Recently my family took a vacation to Flagstaff, Arizona, where we spent some time taking in the majesty of the Grand Canyon, as well as other sights in the area. We found ourselves one morning in Sedona at Slide Rock State Park, where water flow and rock formations create a natural water slide set against the most scenic backdrop imaginable. At one section of the river, children and adults alike lined up on the edge of the rocky overlook above the river, some 10-12 feet in the air, and jumped off into the water below. To my surprise, my 10-year-old daughter, who I assumed would approach such a stunt with great trepidation, lined right up and jumped in without hesitation. I had seen her attempt other feats much more cautiously, so what was it that allowed her to jump without pause? Was she more fearless than I realized?
In his excellent book on organizational culture and inspiration, Creativity, Inc., Pixar President Ed Catmull makes the profound statement that "the antidote to fear is trust." His point is made in reference to creativity and risk-taking in the workplace, suggesting that environments where employees trust their managers, leaders, and processes will wield more authenticity and originality than cultures where fear and mistrust persist.
The antidote to fear is trust. It's a statement that immediately resonated with me as both obvious and accurate. I have often heard or assumed that the antidote (or near-opposite) of fear is having courage, or that having courage somehow eliminates - or at least mitigates - the fear one experiences in a given moment. Catmull's point, however, is that fear is a human instinct and can never truly be eradicated. What we need is not to become fearless, per se, but to loosen the grip that fear has on us. That happens when we have something or someone to trust in. My daughter could jump off a cliff because she had seen so many others do it. She trusted that it was safe and that the water would catch her. A bungee jumper dives from a bridge because he trusts that the cord will hold.
One of the most common phrases in the Bible is, "Fear not." This command, and other variations of it, occur hundreds of times throughout Scripture. Over and over again, when people are facing all kinds of trials, God's first word to us often seems to be, "Fear not."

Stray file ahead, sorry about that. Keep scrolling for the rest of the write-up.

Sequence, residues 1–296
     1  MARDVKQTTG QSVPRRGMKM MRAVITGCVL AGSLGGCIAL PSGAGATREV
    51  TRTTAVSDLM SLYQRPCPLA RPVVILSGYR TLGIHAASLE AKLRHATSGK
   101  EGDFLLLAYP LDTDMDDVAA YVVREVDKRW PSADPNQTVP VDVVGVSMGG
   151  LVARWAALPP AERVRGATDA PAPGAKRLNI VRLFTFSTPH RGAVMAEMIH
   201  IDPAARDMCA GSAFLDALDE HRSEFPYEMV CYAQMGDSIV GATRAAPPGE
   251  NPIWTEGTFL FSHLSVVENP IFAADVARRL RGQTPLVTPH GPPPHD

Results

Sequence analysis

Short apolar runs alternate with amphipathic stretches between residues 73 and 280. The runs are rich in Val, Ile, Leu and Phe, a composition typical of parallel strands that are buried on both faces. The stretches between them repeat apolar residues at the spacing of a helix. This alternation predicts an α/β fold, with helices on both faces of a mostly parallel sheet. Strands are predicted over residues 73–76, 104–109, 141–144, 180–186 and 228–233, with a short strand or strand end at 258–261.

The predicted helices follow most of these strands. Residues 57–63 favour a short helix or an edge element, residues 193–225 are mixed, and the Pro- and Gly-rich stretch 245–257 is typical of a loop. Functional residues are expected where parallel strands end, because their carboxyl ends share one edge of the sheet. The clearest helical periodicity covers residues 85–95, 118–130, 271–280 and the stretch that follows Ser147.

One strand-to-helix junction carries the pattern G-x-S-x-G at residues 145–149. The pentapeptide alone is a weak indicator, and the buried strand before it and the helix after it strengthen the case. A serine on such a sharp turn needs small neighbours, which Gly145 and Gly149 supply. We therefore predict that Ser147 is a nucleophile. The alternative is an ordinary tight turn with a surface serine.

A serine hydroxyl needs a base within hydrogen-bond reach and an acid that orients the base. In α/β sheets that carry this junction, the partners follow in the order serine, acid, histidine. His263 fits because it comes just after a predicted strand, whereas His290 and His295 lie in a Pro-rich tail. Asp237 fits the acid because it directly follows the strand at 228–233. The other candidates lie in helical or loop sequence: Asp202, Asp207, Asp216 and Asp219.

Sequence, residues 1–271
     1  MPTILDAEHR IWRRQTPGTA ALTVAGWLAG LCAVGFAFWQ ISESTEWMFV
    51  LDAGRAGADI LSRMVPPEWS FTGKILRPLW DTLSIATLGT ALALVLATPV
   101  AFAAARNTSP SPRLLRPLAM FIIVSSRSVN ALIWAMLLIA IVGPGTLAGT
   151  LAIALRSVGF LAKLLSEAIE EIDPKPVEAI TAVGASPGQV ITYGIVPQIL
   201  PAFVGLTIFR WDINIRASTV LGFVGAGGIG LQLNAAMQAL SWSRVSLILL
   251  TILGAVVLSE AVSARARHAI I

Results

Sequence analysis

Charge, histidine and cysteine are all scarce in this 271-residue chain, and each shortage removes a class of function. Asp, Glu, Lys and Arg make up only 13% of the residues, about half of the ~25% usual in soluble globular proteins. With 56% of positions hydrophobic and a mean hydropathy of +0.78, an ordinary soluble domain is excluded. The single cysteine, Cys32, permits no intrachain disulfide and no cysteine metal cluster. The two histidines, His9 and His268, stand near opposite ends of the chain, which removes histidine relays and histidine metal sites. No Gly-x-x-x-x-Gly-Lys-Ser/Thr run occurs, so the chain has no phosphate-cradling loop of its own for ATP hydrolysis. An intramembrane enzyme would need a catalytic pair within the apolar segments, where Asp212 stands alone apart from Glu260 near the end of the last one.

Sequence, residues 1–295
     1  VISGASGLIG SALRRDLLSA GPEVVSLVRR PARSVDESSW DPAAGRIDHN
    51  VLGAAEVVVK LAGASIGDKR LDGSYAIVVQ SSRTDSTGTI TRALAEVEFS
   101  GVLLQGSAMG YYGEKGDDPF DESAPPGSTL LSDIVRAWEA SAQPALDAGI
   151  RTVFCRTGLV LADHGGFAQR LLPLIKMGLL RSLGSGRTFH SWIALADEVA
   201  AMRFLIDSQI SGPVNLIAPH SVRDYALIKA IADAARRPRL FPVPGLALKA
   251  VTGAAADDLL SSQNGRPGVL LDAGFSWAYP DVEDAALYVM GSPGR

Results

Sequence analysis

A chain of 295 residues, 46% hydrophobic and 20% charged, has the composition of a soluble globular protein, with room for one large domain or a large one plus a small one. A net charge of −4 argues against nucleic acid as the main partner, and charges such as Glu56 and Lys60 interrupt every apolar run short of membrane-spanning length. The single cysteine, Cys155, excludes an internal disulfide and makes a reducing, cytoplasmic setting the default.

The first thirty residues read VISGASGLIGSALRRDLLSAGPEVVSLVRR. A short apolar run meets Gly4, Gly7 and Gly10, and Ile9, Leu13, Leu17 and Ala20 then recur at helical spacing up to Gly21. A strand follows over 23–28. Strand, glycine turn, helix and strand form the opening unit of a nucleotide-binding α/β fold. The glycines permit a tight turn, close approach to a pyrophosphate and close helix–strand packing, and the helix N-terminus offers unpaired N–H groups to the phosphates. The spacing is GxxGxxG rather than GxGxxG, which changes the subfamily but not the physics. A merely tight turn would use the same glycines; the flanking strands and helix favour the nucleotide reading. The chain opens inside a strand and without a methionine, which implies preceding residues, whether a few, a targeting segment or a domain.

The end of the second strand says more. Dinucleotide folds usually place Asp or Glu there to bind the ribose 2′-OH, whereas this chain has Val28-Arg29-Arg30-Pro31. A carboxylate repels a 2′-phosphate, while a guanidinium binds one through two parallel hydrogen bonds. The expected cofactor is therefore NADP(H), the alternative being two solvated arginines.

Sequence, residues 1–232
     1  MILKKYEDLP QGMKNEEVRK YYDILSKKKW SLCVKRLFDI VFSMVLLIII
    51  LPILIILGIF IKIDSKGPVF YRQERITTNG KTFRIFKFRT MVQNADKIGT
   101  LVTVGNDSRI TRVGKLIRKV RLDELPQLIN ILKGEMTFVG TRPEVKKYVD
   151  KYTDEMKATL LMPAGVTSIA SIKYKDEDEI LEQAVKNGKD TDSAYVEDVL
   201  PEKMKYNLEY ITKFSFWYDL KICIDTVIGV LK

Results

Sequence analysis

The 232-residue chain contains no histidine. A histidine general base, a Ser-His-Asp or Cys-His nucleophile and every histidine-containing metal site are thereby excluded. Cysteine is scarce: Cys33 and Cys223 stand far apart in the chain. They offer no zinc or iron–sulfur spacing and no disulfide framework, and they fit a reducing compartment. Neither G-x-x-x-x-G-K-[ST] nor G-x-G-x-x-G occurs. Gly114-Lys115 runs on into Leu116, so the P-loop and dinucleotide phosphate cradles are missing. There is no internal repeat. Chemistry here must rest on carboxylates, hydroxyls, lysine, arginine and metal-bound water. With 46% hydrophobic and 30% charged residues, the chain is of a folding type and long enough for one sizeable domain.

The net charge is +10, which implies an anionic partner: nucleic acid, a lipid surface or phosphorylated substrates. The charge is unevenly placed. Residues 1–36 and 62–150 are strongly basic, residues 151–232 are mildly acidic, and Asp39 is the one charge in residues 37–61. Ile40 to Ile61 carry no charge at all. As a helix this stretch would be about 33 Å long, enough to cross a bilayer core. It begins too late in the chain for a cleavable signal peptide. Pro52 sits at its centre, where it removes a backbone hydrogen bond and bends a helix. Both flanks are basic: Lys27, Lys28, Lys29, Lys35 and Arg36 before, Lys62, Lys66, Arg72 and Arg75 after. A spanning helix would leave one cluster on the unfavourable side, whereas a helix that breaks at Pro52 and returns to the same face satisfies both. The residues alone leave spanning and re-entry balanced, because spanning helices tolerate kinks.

To the mother afraid for the life of her child, "Fear not." (Genesis 21:17)
To those facing threats from their enemies, "Fear not." (Exodus 14:13)
To those who would speak up for justice and truth, "Fear not." (Deuteronomy 1:17)
To those who ride into battles of any sort, "Fear not." (Deuteronomy 20:1)
To those facing persecution, "Fear not." (1 Samuel 23:17)
To those who can't see a way out of their predicament, "Fear not." (2 Kings 6:16)
To those who worry about provision, "Fear not." (Luke 12:22-24)
To those who pray for a miracle, "Fear not." (Luke 8:50)
On and on the list could go. Interestingly, on the other side of every one of these "Fear not" statements is an affirmation that God is powerful and in control of everything. The reason we need not fear is, if Catmull’s logic holds, because we can have trust in God. The essence of what God is communicating in each circumstance is that we can trust Him. In all things, in all circumstances, with all questions, we can trust Him. Thus, the more we know God and know of Him, the more fear will loosen it's grip on us.
The antidote to fear is trust. In Whom or in what do you trust?
When I am afraid, I will trust in you / In God, whose Word I praise / In God I will trust; I will not be afraid. - Psalm 56:3-4a